A dramatic drop in retail construction over the last decade is helping keep San Antonio’s big shopping centers full, driving companies to expand in existing storefronts and take over empty space left behind by brands such as Sears and Toys R Us. The metro area added about 6.8 million square feet of retail space between 2010 and 2019, down nearly 11 million square feet from the previous ten years, according to an annual report by Weitzman, a Dallas-based commercial real estate firm. The decline helped push the occupancy rate — for 302 shopping centers with at least 25,000 square feet each — up from 89.9 percent in 2009 to 94.5 percent in 2019. “There typically are not a lot of holes,” said Marcus Shaffer, a senior vice president at Weitzman’s local office. When slots do open, multiple retailers usually make offers, he added. On ExpressNews.com: What’s keeping Wonderland alive? Quirky events, businesses, discount stores, and art films The drop in new construction reflects seismic changes in the retail industry. Click to read more at www.expressway.com.
Texas has awarded Microsoft Corporation a nearly $4.9 million grant as part of economic incentive deal that will bring hundreds of new jobs to the company’s Las Colinas office. Microsoft is expanding its operations in Las Colinas with $31 million in investments and the creation of 575 new jobs, according to a news release from the office of Texas Gov. Greg Abbott. The grant comes from the state’s Texas Enterprise Fund, which is a “deal-closing” grant for companies considering investments in Texas, according to the Governor’s Business and Community Development Division. “We are excited that Microsoft has renewed its commitment to Irving-Las Colinas and believe it’s a testament to our business-friendly climate and high quality of life for companies and their employees,” Irving Mayor Rick Stopfer said in the release. “As a valuable corporate stakeholder in our community, we look forward to working with Microsoft as it builds [its] workforce and creates thousands of valuable technology jobs in Irving.” Click to read more at www.communityimpact.com.
When the commercial real estate firm Cushman & Wakefield looked across the United States and Canada for the “coolest” neighborhoods, Montrose made the top 20. That, says Cushman & Wakefield, makes it prime property. For Houstonians, the announcement may feel obvious. Certainly it’s not news that Montrose is cool? Bob Marley and the Wailers took over a floor of the Plaza Hotel (later Tradition Bank Plaza) in the ’70s, cooking Rasta gumbo as the magazine Texas Monthly got its start in the same building. It was, and still is, Houston’s haven and political center for the LGBTQ community. Beyoncé went to high school there. But for Cushman & Wakefield, the neighborhood’s culture and walkability is of special appeal as retail fights e-commerce to bring customers into stores. “Ignore cool at your own peril,” wrote Cushman & Wakefield when it first started scouting cool neighborhoods in 2016. Click to read more at www.mysanantonio.com.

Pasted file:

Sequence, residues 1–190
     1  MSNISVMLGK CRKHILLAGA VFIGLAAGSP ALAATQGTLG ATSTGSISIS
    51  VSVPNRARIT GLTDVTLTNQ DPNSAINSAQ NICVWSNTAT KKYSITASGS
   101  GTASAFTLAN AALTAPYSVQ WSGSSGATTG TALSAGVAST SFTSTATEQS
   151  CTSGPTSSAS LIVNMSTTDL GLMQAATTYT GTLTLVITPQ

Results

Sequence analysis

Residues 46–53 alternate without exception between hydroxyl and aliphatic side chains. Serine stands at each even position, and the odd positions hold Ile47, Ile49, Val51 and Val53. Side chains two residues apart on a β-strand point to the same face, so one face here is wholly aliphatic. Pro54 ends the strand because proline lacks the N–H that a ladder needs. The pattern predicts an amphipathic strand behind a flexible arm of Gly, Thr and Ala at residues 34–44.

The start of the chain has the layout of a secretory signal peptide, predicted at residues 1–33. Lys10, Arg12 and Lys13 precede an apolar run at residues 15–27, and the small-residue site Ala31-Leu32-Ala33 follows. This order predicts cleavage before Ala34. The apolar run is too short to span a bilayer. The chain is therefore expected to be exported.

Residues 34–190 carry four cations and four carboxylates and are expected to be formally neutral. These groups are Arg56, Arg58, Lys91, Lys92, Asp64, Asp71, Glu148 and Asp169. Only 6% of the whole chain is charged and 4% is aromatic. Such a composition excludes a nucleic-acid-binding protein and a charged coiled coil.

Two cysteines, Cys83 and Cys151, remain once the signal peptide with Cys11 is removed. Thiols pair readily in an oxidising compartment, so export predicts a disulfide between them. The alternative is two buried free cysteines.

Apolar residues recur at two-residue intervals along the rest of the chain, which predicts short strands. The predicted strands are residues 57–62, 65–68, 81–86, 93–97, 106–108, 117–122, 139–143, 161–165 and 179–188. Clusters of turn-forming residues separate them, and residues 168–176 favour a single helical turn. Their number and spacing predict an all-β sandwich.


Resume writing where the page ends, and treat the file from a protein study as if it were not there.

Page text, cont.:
SAN ANTONIO – The aesthetics of communities across Texas could be changing after a new law went into effect this month. HB 2439 New state law prevents cities from regulating construction materials 2439, signed by Gov. Greg Abbott, limits certain regulations adopted by cities that required the specific use of materials used during construction or renovations. Cities no longer have a say, and any approved material by the national code can be allowed. Brandon Melland Leon Valley’s Planning and Zoning Director says communities were blindsided by the passage of the bill. The city sent a letter to the governor asking that he not sign the bill into law. “I think the question that needs to be asked is ‘where did this bill come from?” he said. “Because it certainly didn’t come from the citizens of Leon Valley.” Communities like Leon Valley worry that now that developers have a choice, they will choose to build with cheaper, less durable materials. He says a construction company has already informed the city they will be changing their material plans following the passage of the law. Click to read more at www.ksat.com.
SAN ANGELO, Texas (AP) — A West Texas city that in 2017 bought a nearly 33,000 acre (13,355 hectares) ranch to ensure its municipal water supply has offered to sell the property for nearly $52.5 million. The San Angelo Standard-Times reports the for-sale sign is up at the Ford Ranch, located in parts of Concho, McCulloch, and Menard (muh-NARD’) counties. San Angelo purchased the Ford Ranch for about $44 million. Listing agent King Land and Water says the ranch was acquired to preserve access to the Hickory Aquifer. The city of about 100,000 relies on lakes and reservoirs for water. San Angelo in the 1970s purchased rights to own and manage the Hickory Aquifer as a hedge against drought-related shortfalls. San Angelo, in any ranch sale, would require deed restrictions to preserve its aquifer access. Click to read more at www.fortworthbusiness.com.